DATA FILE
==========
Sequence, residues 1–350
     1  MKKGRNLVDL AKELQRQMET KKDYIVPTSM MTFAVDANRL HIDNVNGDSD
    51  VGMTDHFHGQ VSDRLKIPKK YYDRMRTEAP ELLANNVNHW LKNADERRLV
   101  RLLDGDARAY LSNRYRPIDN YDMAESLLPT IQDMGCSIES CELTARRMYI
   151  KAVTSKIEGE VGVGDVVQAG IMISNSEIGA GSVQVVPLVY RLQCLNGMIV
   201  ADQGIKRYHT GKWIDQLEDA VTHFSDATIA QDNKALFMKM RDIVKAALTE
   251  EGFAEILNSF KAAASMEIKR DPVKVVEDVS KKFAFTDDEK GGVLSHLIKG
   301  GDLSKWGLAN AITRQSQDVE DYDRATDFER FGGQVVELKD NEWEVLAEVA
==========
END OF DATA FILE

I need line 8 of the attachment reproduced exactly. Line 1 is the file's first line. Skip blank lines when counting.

   301  GDLSKWGLAN AITRQSQDVE DYDRATDFER FGGQVVELKD NEWEVLAEVA